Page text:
Contradictory claims for the origin of this photo were put forward by Nazi propagandists in the  1930s. A scene from the1920s, thisphoto isstillwidelyused asevidenceof " famine-genocide.' ')

Portions of the 1935 Hearst-Walker series, including some of the photos, had in fact appeared the year previous in the August 6, 1934 London Daily Express. Attributed to an anonymous young English  "tourist," the story includes a virtually identical account of Walker's "frog child" fabrication. However, chis earlier version of the hoax locates the tale in Belgorod - which is in Russia proper.  Subsequent versions of the hoax over the decades politically relocate the story to Kharkov, which is of course in Ukraine.

Thus, at least some of Walker's faked accounts were prepared well in advance of his actual fall of 1934 Soviet visit. It would seem that the Hearst-Walker conspirators decided to come up with an expanded and improved series, including some of the materials published anonymously in Britain. One concludes that Walker's brief Soviet trip was simply an afterthought, a cosmetic gesture for the already planned publication of the series in Hearst's American papers in 1935.

Not only were the photographs a fraud, the trip to Ukraine a fraud, and Hearst's famine-genocide series a fraud, Thomas Walker himself was a fraud. Deported from  England and arrested on his return to the United States just a few months after the Hearst series, it turned out that Thomas Walker was in fact escaped convict Robert Green. The Neu· York Times reported: "Robert Green, a writer of syndicated articles about conditions in Ukraine, who was indicted last Friday by a Federal grand jury on a charge of passport fraud, pleaded guilty yesterday before Federal Judge Francis G. Caffey. The judge learned chat Green was a fugitive from Colorado State Prison, where he escaped after having served two years of an eight-year term for forger y." 8

Robert Green, it was revealed, had run up an impressive criminal record spanning three decades. His 
trail of crime led through five U.S. states and four European countries, and included convictions on charges of violating the Mann White Slave Ace in Texas, forgery, and  "marriage swindle."9

Evidence at Walker's trial revealed that he had made a previous visit to the Soviet Union in 1930 under the name Thomas J. Burke. Having worked briefly for an engineering firm in the USSR, he was - by his own admission - expelled for attempting to smuggle a "whiteguard" out of the country. A reporter covering the trial noted that Walker "admitted that the 'famine' pictures published with his series in the Hearst newspapers were fakes and they were not taken in Ukraine as advertised." 10

The "evidence" of famine-genocide brought to the American public by this "noted journalist" and "witness" lives on in jaundiced historiographiccircles. Walker's material and claims of six million victims are still recognized and issued by history factories like Harvard University's Ukrainian Studies Fund, as well as by the Ukrainian Nationalists' own media. Walker's fake photographs are the most prominently displayed pictorial "evidence" associated with post-war famine-genocide campaigns, despite the fact that this material was exposed as fraudulent immediately following its release in 1935. Apparently it is felt that the risks inherent in duping the public are necessary to further famine-genocide concoctions.11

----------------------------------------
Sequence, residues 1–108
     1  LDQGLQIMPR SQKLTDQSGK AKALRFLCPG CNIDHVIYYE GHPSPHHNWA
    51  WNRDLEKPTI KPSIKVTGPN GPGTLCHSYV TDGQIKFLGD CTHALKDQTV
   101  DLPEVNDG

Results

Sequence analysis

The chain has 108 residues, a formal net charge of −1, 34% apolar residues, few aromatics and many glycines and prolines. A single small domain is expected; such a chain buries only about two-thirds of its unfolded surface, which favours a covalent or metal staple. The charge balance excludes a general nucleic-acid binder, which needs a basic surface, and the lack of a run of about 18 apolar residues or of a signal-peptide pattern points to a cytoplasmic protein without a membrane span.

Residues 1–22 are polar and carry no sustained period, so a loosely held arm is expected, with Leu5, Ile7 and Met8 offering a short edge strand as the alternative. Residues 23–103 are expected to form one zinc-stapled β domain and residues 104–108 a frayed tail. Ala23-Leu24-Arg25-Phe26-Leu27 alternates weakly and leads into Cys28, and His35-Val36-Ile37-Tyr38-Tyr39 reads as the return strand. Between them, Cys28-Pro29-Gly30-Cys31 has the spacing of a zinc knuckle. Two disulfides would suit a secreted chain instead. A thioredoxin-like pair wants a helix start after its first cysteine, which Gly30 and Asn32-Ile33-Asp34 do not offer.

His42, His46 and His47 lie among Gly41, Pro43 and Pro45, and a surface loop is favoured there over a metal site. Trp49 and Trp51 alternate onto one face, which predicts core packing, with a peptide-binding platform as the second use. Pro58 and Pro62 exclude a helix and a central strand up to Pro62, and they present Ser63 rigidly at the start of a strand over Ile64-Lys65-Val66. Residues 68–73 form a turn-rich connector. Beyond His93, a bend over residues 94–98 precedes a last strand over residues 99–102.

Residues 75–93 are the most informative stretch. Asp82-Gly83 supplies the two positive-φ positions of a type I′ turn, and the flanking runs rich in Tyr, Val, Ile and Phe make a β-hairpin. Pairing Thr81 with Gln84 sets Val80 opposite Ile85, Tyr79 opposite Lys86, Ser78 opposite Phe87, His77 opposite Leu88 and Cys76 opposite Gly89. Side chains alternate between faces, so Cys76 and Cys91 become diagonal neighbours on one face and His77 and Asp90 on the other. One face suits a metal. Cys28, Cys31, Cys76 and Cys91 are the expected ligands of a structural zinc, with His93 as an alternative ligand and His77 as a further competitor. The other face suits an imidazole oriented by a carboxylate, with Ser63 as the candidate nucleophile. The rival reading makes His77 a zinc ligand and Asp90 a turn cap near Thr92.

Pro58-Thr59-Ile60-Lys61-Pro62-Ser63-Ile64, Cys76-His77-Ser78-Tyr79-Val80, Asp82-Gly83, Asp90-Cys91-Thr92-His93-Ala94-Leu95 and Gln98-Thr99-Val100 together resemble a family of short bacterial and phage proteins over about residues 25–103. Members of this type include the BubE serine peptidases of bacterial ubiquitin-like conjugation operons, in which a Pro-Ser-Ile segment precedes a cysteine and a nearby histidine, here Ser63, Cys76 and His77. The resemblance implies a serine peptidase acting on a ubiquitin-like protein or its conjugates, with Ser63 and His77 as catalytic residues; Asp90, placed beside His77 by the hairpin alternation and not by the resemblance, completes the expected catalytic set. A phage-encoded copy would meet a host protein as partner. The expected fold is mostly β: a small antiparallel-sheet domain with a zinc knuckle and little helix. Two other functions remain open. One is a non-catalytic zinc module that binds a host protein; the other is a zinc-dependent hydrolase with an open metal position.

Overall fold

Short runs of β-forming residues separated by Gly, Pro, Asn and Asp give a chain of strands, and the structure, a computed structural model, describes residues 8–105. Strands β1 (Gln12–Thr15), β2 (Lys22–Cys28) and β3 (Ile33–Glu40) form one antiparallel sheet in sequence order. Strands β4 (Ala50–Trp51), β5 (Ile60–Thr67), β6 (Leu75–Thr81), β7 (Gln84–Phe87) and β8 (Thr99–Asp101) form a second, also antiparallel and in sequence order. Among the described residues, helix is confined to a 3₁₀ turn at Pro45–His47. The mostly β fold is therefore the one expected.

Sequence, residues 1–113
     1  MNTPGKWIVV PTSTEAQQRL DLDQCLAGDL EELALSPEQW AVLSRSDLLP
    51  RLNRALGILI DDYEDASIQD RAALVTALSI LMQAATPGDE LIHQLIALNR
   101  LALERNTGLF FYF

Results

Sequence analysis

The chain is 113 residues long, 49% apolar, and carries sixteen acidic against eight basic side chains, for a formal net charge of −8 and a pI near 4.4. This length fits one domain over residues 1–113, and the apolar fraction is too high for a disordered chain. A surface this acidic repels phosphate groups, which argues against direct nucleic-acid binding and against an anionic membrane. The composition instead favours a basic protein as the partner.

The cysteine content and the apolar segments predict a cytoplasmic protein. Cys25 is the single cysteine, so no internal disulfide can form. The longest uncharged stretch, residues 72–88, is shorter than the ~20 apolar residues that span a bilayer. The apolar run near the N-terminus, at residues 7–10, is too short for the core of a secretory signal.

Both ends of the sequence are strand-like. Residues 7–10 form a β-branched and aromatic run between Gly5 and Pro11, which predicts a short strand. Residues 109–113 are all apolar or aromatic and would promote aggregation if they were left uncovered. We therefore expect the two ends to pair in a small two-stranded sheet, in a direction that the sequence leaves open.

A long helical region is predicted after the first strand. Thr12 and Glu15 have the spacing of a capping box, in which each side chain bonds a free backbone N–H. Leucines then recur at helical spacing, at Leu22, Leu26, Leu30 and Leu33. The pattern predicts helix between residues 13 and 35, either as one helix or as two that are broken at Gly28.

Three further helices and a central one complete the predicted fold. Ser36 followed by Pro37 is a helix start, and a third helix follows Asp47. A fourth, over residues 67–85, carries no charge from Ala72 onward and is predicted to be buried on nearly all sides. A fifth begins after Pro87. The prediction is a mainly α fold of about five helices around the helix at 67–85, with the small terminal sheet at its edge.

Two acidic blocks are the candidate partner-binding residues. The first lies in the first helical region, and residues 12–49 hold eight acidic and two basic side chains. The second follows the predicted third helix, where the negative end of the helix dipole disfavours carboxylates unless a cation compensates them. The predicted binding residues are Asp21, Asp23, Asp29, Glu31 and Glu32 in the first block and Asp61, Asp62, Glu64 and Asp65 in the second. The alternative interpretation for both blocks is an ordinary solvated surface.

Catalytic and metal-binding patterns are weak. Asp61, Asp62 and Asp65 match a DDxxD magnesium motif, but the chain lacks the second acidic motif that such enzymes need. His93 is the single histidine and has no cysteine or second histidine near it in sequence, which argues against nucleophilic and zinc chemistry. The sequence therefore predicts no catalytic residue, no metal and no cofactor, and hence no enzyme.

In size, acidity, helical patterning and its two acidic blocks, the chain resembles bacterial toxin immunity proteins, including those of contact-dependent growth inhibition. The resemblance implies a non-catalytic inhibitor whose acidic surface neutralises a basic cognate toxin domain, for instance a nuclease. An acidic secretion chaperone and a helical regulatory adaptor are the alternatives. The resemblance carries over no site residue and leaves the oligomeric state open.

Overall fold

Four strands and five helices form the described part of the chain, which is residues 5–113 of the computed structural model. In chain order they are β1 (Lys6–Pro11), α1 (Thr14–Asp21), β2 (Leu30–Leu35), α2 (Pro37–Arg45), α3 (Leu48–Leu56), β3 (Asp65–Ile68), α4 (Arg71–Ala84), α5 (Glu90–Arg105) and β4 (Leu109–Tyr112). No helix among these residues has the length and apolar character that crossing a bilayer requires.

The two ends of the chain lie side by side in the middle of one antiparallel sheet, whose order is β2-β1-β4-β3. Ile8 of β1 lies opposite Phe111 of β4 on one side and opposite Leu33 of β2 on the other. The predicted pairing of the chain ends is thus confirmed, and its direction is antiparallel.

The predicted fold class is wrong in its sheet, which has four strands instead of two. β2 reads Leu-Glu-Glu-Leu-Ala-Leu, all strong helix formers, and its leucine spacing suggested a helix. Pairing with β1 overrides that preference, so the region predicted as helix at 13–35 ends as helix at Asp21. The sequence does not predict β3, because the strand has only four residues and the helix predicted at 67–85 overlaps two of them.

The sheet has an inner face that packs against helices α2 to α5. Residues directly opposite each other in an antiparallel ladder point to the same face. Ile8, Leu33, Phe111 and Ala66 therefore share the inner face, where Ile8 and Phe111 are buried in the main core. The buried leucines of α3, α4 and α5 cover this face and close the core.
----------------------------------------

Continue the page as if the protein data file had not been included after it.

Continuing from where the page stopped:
1. James Creelman in Pearson's Weekly, September 1906.
2. See for example, Thomas Walker, "6,000,000 Starve co Death in Russia"; "Children Starve Among
Soviet Dead"; "Bodies of Soviet Famine Victims Robbed"; "Soviet Drafts Men, Starves Women";
"Starvation Wipes Out Soviet Villages"; New York Eveninf; Journal, February 18, 19, 21, 25, 27,
1935 respectively.
3. Louis Fischer, "Hearst's Russian Famine," The Nation, Vol. 140, No. 3636, March 13, 1935.
4. Daily Worker, February 21, 1935.
5. Ibid.
6. Ibid.
7. New York American, March 3, 1935.
8. New York Times, July 16, 1935.
9. Daily Worker, July 20, 1935.
10. Ibid.
11. Among the many publications which use Walker's fraudulent materials as historical proof are:
"The Soviet Famine of 1932-1934" by Dana Dalrymple, Soviet Studies, January 1964; The Ninth Circle by Olexa Woropay, Harvard Ukrainian Studies Fund, 1983; The Great Famine in Ukraine: The Unknown Holocaust, Ukrainian National Association (USA), 1983; 50 Years Aio: The Famine Holocaust in Ukraine - Terror and Human Misery as Instruments of Soviet Russian Imperialism by Walter Dushnyck, 1983; Witness: Memoirs of the Famine of 1933 in Ukraine by Pavlo Makohon, Anabasis, 1983; Human Life in Russia by Ewald Ammende, John T. Zubal, 1984 (reprint of the 1936 edition); Harvest of Sorrow by Robert Conquest, University of Alberta Pres , 1986; Famine in the Soviet Ukraine 1932-1933: A Memorial Exhibition prepared by Oksana Procyk, Leonid Heretz and James E. Mace, Widener Library, Harvard University, Cambridge, Harvard College Library, 1986.